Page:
Reiterating a call for more regulation of guns made a year ago in a similar report, the VPC said:
Comprehensive regulation of the firearms industry and its products could include: minimum safety standards (i.e., specific design standards and the requirement of safety devices); bans on certain types of firearms such as "junk guns" and military-style assault weapons; limits on firepower; restrictions on gun possession by those convicted of a violent misdemeanor; heightened restrictions on the carrying of loaded guns in public; improved enforcement of current laws restricting gun possession by persons with histories of domestic violence; more detailed and timely data collection on gun production, sales, use in crime, as well as involvement in injury and death; and, public education about the extreme risks associated with exposure to firearms.
Kozachik concurred on the need for more regulations, focusing his attention on state and local issues.
"Access," he said when asked why gun deaths are more frequent than vehicle deaths in Arizona.
"Access is at fault. You can obtain a gun easily and no license is required, no test is required, you don't need to show you know how to operate it."
"Anybody can get a gun, with a street sale or at a gun show, with no background checks for a person-to-person sale," he said.
Heller strongly opposed any new regulations.
"Government has a fecal touch," he said. "Anything it touches will at some point descend into crap."
The study by the gun-control pressure group said that 2011 is the last year in which state-level data is available from the Centers for Disease Control for both firearm and motor vehicle deaths.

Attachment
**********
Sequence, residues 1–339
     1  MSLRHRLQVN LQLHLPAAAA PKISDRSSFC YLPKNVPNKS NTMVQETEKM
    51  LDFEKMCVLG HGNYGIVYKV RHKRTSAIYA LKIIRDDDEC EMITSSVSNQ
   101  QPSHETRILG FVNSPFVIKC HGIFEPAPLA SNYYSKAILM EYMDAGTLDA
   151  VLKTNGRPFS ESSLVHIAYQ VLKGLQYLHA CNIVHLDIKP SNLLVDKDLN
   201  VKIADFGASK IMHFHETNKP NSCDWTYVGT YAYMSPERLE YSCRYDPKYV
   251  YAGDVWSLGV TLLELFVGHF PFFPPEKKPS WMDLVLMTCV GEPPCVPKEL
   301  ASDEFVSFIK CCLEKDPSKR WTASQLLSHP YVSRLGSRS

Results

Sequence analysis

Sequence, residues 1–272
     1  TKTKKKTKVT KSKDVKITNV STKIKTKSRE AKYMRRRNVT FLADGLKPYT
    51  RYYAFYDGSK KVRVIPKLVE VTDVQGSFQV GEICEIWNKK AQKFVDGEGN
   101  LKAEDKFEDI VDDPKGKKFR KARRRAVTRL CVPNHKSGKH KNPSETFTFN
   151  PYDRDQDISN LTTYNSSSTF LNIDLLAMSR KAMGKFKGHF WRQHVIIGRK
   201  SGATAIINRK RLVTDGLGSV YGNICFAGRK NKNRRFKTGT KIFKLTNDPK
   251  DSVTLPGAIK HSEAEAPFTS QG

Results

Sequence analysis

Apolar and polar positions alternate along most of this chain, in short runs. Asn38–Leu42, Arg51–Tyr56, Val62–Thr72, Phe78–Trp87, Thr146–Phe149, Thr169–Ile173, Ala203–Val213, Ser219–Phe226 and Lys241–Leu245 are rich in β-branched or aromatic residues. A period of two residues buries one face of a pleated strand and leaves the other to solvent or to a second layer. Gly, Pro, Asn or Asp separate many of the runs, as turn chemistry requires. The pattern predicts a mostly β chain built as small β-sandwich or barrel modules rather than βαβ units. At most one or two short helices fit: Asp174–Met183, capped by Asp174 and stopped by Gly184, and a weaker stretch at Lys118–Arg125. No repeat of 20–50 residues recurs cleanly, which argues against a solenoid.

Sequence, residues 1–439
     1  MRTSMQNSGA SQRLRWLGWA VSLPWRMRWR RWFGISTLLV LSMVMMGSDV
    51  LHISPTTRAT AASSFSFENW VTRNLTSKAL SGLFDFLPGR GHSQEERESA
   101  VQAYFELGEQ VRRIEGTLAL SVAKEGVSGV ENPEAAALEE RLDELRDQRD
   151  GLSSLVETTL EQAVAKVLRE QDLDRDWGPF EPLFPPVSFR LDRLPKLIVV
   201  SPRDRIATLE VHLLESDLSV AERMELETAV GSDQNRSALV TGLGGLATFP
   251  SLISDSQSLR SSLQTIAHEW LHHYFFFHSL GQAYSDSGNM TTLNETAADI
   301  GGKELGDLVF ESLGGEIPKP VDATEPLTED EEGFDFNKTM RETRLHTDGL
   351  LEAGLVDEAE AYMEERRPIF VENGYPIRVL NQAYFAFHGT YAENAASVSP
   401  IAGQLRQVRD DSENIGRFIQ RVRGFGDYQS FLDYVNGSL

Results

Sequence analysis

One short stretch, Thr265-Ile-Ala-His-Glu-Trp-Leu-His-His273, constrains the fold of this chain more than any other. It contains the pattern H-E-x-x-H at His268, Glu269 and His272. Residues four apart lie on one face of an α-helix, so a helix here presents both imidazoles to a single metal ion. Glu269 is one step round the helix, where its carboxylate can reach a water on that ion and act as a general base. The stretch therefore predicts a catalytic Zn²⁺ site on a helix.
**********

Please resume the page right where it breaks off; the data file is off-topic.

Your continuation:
Beyond Arizona and Alaska, other states in which more people were killed by guns than cars were Colorado, Illinois, Louisiana, Maryland, Michigan, Nevada, Ohio, Oregon, Utah, Vermont, Virginia and Washington State, as well as the District of Columbia.
Counted among gun deaths were firearm suicides, homicides, and fatal unintentional shootings; motor vehicle deaths included both occupants and pedestrians, the group said.
"More than 90 percent of American households own a car while little more than a third of American households have a gun," a news release on the report said. "Americans' exposure to motor vehicles vastly outweighs their exposure to firearms. Yet in 2011, there were 32,351 gun deaths and 35,543 motor vehicle deaths nationwide. In 1999, there were 28,874 gun deaths and 42,624 motor vehicle deaths nationwide."
"We know states like Arizona which have weak gun laws have higher gun violence death and injury rates," said Gerry Hills, founder of Arizonans for Gun Safety, in the release. "We will continue to advocate for common sense policies such as universal background checks and mental health tool kits."
Activist Heller echoed his call of two years ago, made following a previous report by the VPC, for better firearms training.
"Could the state of training be better? Absolutely," he said then. "We ought to make gun-safety training mandatory in the schools."
Heller said Tuesday that training should not be required for adults who wish to carry a gun.
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"The best thing you can do about crime statistics is to not be one," he said. "Be aware, be prepared to defend yourself, don't take stupid risks," he said.